December 18, 2010
Repeal of 'Don't Ask, Don't Tell' Moves Forward
The Senate blocks the DREAM Act.
The Senate voted today to proceed to debate on a bill ending the military's "don't ask, don't tell" policy, which clears the way to repeal the law.
In his State of the Union address earlier this year, President Obama vowed to end the ban on gays and lesbians serving in the military. Last week, Senate Republicans blocked the repeal while delaying a vote on the DREAM Act. Today the Senate blocked the DREAM Act, which carves out a path to legal status for foreign-born children brought to the United States illegally.
Some chaplains had voiced concerns over the repeal, saying that they could be accused of discrimination if they addressed homosexuality. Earlier this year, the Southern Baptist Convention said that a large percentage of currently serving military personnel said they would not reenlist or would end their careers early should the policy be repealed. The National Association of Evangelicals would not encourage chaplains to resign if the law was repealed.
The Washington Post provides the breakdown of votes for DADT.
Senators voted 63 to 33 go proceed to debate on the bill. Fifty-seven members of the Senate Democratic caucus and six Republicans -- Sens. Scott Brown (Mass.), Susan Collins (Maine), Mark Kirk (Ill.), Lisa Murkowski (Alaska), Olympia Snowe (Maine) and George Voinovich (Ohio) -- voted yes. Four senators -- Jim Bunning (R-Ky.), Judd Gregg (R-N.H.), Orrin Hatch (R-Utah) and Joe Manchin III (D-W. Va.) -- did not vote.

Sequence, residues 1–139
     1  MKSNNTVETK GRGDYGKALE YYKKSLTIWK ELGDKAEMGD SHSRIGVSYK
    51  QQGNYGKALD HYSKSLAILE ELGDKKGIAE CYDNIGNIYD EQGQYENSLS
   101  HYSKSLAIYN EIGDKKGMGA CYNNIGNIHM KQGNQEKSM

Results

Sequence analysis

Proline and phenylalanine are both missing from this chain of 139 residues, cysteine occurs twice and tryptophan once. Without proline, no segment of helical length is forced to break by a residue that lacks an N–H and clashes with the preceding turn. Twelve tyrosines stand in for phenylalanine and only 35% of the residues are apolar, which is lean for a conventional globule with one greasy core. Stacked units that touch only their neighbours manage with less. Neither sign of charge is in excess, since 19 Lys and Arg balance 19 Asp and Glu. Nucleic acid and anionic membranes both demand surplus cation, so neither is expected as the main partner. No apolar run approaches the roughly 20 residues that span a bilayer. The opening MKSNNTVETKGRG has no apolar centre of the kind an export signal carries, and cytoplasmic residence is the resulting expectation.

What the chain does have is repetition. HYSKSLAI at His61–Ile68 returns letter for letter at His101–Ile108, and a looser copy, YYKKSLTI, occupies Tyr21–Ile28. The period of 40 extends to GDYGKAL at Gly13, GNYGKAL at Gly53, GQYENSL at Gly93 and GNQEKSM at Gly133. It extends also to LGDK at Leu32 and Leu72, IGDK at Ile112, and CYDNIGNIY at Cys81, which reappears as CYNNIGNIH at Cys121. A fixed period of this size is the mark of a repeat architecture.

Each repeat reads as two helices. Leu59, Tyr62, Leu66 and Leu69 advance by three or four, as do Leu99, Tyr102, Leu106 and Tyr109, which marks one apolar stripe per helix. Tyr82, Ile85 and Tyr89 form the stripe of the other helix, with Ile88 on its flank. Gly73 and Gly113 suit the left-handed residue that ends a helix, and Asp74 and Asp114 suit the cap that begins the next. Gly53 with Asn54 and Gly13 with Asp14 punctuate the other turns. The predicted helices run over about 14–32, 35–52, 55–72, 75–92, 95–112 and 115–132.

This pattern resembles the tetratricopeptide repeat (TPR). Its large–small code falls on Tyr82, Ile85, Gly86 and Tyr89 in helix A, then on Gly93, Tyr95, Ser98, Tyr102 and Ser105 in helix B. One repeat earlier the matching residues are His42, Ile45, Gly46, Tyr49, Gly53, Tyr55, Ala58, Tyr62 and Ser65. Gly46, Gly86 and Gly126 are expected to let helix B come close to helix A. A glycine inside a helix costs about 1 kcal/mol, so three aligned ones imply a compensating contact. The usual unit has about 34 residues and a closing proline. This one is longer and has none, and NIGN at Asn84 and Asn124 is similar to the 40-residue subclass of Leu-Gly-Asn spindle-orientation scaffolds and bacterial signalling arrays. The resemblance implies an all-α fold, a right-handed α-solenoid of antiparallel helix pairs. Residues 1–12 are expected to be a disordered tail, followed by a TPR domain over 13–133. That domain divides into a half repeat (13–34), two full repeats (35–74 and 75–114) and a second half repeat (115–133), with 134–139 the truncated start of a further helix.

A final vote on the bill is expected Sunday; a simple majority is required for final passage.
The vote came amid an unusually busy Saturday for the Senate, with consideration of gays in the military, the U.S.-Russia nuclear treaty and a bill providing a pathway to citizenship for young undocumented immigrants.
The New York Times reports on how it came back to the Senate floor.
Only a week ago, the effort to repeal the “don’t ask, don’t tell” policy seemed to be dead and in danger of fading for at least two years with Republicans about to take control of the House. The provision eliminating the ban was initially included in a broader Pentagon policy bill, and Republican backers of repeal had refused to join in cutting off a filibuster against the underlying bill because of objections over the ability to debate the measure.
In a last-ditch effort, Senator Joseph I. Lieberman, independent of Connecticut, and Senator Susan Collins, Republican of Maine, encouraged Democratic Congressional leaders to instead pursue a vote on simply repealing the ban. The House passed the measure earlier in the week.
Politico has more details on its final passage.
The repeal, however, wouldn’t take effect immediately. Obama, Gates Mullen would have to certify to Congress that they have reviewed the Pentagon report on the impacts of repeal, that the Defense Department is prepared to implement repeal and that doing so would not harm military readiness, troop morale, and recruiting and retention.
The policy would be repealed 60 days after the president submits the document.